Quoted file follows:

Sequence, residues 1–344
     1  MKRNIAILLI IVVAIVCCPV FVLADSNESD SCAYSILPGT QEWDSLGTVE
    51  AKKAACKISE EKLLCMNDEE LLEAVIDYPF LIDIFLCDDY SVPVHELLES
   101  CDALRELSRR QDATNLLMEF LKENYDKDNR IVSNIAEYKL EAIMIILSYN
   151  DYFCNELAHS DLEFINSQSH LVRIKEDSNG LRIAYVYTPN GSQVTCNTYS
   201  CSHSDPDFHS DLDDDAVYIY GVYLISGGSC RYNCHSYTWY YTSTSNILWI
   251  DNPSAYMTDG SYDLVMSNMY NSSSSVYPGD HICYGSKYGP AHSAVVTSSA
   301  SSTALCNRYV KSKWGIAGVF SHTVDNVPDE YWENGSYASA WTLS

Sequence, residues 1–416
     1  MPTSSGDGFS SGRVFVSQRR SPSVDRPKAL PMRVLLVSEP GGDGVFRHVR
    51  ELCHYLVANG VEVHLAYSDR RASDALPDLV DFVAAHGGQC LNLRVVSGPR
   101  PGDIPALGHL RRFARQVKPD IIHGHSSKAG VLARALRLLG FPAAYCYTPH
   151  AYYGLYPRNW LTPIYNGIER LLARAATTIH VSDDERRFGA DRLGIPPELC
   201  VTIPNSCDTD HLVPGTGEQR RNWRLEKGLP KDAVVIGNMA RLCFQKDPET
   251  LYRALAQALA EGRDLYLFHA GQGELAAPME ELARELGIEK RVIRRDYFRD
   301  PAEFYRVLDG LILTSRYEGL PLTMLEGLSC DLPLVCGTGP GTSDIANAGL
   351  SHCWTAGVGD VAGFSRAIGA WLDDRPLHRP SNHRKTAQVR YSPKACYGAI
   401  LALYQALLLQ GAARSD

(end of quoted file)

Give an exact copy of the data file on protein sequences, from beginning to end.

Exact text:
Sequence, residues 1–344
     1  MKRNIAILLI IVVAIVCCPV FVLADSNESD SCAYSILPGT QEWDSLGTVE
    51  AKKAACKISE EKLLCMNDEE LLEAVIDYPF LIDIFLCDDY SVPVHELLES
   101  CDALRELSRR QDATNLLMEF LKENYDKDNR IVSNIAEYKL EAIMIILSYN
   151  DYFCNELAHS DLEFINSQSH LVRIKEDSNG LRIAYVYTPN GSQVTCNTYS
   201  CSHSDPDFHS DLDDDAVYIY GVYLISGGSC RYNCHSYTWY YTSTSNILWI
   251  DNPSAYMTDG SYDLVMSNMY NSSSSVYPGD HICYGSKYGP AHSAVVTSSA
   301  SSTALCNRYV KSKWGIAGVF SHTVDNVPDE YWENGSYASA WTLS

Sequence, residues 1–416
     1  MPTSSGDGFS SGRVFVSQRR SPSVDRPKAL PMRVLLVSEP GGDGVFRHVR
    51  ELCHYLVANG VEVHLAYSDR RASDALPDLV DFVAAHGGQC LNLRVVSGPR
   101  PGDIPALGHL RRFARQVKPD IIHGHSSKAG VLARALRLLG FPAAYCYTPH
   151  AYYGLYPRNW LTPIYNGIER LLARAATTIH VSDDERRFGA DRLGIPPELC
   201  VTIPNSCDTD HLVPGTGEQR RNWRLEKGLP KDAVVIGNMA RLCFQKDPET
   251  LYRALAQALA EGRDLYLFHA GQGELAAPME ELARELGIEK RVIRRDYFRD
   301  PAEFYRVLDG LILTSRYEGL PLTMLEGLSC DLPLVCGTGP GTSDIANAGL
   351  SHCWTAGVGD VAGFSRAIGA WLDDRPLHRP SNHRKTAQVR YSPKACYGAI
   401  LALYQALLLQ GAARSD